Judd Gregg is perplexed. The 34-year-old lawyer from Greenfield, N.H., has waded gamely into the arcane vocabulary of arms control. He can talk about verifiable reductions, equivalent megatonnage and MIRVed SLBMs.

But, in the end, he wonders aloud, "Are we doing a bit of a dance here?"

As one of New Hampshire's two congressmen, the freshman Republican must decide whether to vote today for one of two resolutions. One, sponsored by Foreign Affairs Committee Chairman Clement J. Zablocki (D-Wis.), calls for a "mutual and verifiable freeze on and reductions in nuclear weapons." It is endorsed by Democratic leaders and the national freeze movement. The other, sponsored by Rep. William S. Broomfield (Mich.), ranking Republican on the Foreign Affairs Committee, and supported by President Reagan, calls for "an equitable and verifiable agreement which freezes strategic nuclear forces at equal and substantially reduced levels."

The dance, Gregg suggests, "revolves around ego"--the ego of both sides. "Some people think by passing one resolution or the other that you're for civilization or against civilization," Gregg said. "How absurd!"

Neither resolution would have the force of law. However, the personal involvement of Reagan and House Speaker Thomas P. (Tip) O'Neill Jr. (D-Mass.) on opposing sides has considerably raised the political stakes. And nuclear freeze advocates, who are campaigning to put the issue up for ballot referenda in nine states, say they will hold politicians accountable in November's congressional elections for today's vote.

Gregg's vote could be crucial. According to one count yesterday, Zablocki had 193 votes lined up and Broomfield another 193, with more than 40 undecided.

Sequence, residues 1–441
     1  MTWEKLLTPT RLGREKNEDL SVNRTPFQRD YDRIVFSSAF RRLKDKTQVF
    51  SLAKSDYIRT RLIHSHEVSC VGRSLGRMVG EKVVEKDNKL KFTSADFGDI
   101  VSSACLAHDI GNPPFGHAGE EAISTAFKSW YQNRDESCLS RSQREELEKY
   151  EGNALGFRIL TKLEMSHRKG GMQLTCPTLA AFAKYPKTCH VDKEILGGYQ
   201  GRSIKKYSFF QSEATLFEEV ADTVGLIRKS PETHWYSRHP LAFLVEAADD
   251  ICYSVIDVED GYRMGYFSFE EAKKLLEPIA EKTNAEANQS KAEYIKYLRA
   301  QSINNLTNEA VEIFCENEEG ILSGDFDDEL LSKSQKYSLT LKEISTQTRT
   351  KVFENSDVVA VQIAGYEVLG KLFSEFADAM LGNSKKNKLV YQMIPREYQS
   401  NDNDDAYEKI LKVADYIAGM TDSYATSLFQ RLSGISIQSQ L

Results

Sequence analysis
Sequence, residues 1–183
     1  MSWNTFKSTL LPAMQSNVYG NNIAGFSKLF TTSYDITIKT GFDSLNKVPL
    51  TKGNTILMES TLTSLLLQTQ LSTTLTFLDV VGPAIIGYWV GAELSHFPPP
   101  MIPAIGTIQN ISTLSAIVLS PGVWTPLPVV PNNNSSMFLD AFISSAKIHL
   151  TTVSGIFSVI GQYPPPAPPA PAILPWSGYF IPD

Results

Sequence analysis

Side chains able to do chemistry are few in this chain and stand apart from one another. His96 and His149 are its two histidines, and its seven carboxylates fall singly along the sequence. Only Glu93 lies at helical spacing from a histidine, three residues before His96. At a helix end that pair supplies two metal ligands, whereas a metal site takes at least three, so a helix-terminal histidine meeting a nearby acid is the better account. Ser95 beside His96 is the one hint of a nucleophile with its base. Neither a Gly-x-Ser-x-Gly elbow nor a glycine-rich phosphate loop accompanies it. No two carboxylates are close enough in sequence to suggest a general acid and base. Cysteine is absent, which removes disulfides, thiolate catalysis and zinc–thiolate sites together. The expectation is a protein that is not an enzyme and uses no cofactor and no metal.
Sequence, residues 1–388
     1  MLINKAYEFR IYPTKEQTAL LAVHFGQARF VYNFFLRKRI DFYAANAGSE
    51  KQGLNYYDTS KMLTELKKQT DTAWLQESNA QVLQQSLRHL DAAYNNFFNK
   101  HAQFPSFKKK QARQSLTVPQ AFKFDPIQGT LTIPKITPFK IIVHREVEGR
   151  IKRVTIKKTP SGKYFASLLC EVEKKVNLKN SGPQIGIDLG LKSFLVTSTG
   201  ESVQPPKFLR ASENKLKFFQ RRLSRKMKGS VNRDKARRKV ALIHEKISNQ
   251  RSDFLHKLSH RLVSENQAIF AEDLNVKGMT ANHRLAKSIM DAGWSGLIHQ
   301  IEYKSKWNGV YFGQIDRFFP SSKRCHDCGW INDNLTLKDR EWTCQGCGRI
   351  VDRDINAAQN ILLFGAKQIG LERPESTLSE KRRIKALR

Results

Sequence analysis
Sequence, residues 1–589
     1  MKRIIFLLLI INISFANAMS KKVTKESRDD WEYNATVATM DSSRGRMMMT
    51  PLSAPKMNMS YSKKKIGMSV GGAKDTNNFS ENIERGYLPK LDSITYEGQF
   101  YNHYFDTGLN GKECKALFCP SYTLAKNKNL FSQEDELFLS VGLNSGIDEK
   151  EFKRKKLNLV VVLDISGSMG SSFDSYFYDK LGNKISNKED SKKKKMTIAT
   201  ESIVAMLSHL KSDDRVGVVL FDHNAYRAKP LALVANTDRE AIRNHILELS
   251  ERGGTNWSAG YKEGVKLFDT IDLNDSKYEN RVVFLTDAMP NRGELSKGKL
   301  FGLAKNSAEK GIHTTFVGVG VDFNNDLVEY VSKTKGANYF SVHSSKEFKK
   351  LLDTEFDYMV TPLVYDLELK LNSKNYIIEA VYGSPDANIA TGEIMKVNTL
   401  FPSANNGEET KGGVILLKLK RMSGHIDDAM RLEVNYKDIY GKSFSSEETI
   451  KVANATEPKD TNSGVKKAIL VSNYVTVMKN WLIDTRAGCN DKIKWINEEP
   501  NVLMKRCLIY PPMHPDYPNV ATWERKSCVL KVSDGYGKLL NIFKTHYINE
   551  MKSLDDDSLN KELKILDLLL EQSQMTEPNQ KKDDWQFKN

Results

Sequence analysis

In the shorthand analysis of House members, the issue boils down to Zablocki's "Freeze now--reduce later" or Broomfield's "Reduce now--Freeze later."

Freeze advocates contend that the United States and the Soviet Union must immediately stop making new nuclear weapons before they can reduce arsenals they have already accumulated. Reagan argues that the United States must increase its arsenal to give the Soviets an incentive to negotiate reductions.

In a burst of last-minute lobbying, Reagan yesterday called a score of undecided House members to the White House to meet with him, Secretary of Defense Caspar W. Weinberger and Secretary of State George P. Shultz. A few hours later, O'Neill, accompanied by Sens. Edward M. Kennedy (D-Mass.) and Mark O. Hatfield (R-Ore.), sponsors of the immediate nuclear freeze measure in the Senate, held a news conference in front of the Capitol.

Freeze resolutions passed by 34 towns in Gregg's district this spring, and the version he introduced April 29, called for "a mutual freeze on the testing, production and deployment of nuclear weapons."

Gregg said the issue is "the second most important issue in my district after the economy." He has received 400 letters on the subject.

Gregg has not been lobbied by advocates of the Zablocki resolution. But he did get a call from a White House lobbyist and a "Dear Judd" letter from Reagan--the same one 434 other House members received--which said the Zablocki freeze would leave "dangerous asymmetries in the nuclear balance" and "seriously undercut our negotiating position."

Before voting, Gregg, who usually votes with the president, said he'll listen to the floor debate and "see if there's something below the smoke."